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The Secret Garden Frances Hodgson Burnett


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"This is my cousin, Mary Lennox," he said. "I asked her to come and talk to me. I like her. She must come and talk to me whenever I send for her."

Dr. Craven turned reproachfully to Mrs. Medlock. "Oh, sir" she panted. "I don't know how it's happened. There's not a servant on the place tha'd dare to talk--they all have their orders."

"Nobody told her anything," said Colin. "She heard me crying and found me herself. I am glad she came. Don't be silly, Medlock."

Mary saw that Dr. Craven did not look pleased, but it was quite plain that he dare not oppose his patient. He sat down by Colin and felt his pulse.

"I am afraid there has been too much excitement. Excitement is not good for you, my boy," he said.

"I should be excited if she kept away," answered Colin, his eyes beginning to look dangerously sparkling. "I am better. She makes me better. The nurse must bring up her tea with mine. We will have tea together."

Mrs. Medlock and Dr. Craven looked at each other in a troubled way, but there was evidently nothing to be done.

"He does look rather better, sir," ventured Mrs. Medlock. "But"--thinking the matter over--"he looked better this morning before she came into the room."

"She came into the room last night. She stayed with me a long time. She sang a Hindustani song to me and it made me go to sleep," said Colin. "I was better when I wakened up. I wanted my breakfast. I want my tea now. Tell nurse, Medlock."

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Dr. Craven did not stay very long. He talked to the nurse for a few minutes when she came into the room and said a few words of warning to Colin. He must not talk too much; he must not forget that he was ill; he must not forget that he was very easily tired. Mary thought that there seemed to be a number of uncomfortable things he was not to forget.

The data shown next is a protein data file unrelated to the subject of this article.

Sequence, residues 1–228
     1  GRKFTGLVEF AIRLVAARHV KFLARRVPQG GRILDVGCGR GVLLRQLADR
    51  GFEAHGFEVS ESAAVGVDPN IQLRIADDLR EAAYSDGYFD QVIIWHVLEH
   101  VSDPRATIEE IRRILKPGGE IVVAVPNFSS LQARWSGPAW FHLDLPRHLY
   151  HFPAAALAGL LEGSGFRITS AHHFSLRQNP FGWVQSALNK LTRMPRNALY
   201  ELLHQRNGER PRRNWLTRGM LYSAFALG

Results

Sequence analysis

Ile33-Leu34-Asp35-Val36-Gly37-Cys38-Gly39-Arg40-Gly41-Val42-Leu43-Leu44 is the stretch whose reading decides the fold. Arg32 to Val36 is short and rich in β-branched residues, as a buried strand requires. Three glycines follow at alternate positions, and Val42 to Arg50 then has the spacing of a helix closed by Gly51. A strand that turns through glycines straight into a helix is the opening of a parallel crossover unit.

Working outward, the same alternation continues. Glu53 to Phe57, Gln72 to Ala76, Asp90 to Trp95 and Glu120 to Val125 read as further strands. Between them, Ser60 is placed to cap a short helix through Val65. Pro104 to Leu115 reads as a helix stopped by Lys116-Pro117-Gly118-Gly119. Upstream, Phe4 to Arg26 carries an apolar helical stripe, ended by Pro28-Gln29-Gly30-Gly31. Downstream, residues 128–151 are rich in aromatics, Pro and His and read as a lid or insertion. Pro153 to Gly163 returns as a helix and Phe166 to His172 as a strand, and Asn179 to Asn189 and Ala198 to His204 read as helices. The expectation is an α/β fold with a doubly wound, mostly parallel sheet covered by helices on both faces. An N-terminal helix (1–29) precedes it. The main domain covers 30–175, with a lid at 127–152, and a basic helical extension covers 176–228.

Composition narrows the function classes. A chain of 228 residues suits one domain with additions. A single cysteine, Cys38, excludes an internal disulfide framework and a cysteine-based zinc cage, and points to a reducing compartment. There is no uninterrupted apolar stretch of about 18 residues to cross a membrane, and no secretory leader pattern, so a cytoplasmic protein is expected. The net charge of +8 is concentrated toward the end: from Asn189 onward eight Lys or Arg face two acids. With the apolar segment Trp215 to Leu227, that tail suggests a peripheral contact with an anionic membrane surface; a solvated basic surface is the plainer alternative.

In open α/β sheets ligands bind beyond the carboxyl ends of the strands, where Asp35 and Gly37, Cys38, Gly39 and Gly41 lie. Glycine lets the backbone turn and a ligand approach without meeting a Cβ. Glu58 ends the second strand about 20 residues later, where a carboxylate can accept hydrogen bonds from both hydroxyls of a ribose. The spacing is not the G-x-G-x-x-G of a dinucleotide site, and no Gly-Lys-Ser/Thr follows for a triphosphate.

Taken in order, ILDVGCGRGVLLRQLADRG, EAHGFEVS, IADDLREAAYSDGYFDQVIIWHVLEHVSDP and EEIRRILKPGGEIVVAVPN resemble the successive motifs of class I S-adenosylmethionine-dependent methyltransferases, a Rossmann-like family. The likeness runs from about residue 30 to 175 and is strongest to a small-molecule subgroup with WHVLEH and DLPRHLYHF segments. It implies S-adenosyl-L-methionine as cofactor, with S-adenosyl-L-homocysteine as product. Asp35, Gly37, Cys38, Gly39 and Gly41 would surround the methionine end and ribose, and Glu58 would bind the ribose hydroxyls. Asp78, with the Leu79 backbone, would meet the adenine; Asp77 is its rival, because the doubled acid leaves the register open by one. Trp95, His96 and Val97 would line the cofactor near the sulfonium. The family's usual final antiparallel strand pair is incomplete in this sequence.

Colin looked fretful and kept his strange black-lashed eyes fixed on Dr. Craven's face.

"I want to forget it," he said at last. "She makes me forget it. That is why I want her."

Dr. Craven did not look happy when he left the room. He gave a puzzled glance at the little girl sitting on the large stool. She had become a stiff, silent child again as soon as he entered and he could not see what the attraction was. The boy actually did look brighter, however--and he sighed rather heavily as he went down the corridor.

"They are always wanting me to eat things when I don't want to," said Colin, as the nurse brought in the tea and put it on the table by the sofa. "Now, if you'll eat I will. Those muffins look so nice and hot. Tell me about Rajahs."

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The Secret Garden
Frances Hodgson Burnett

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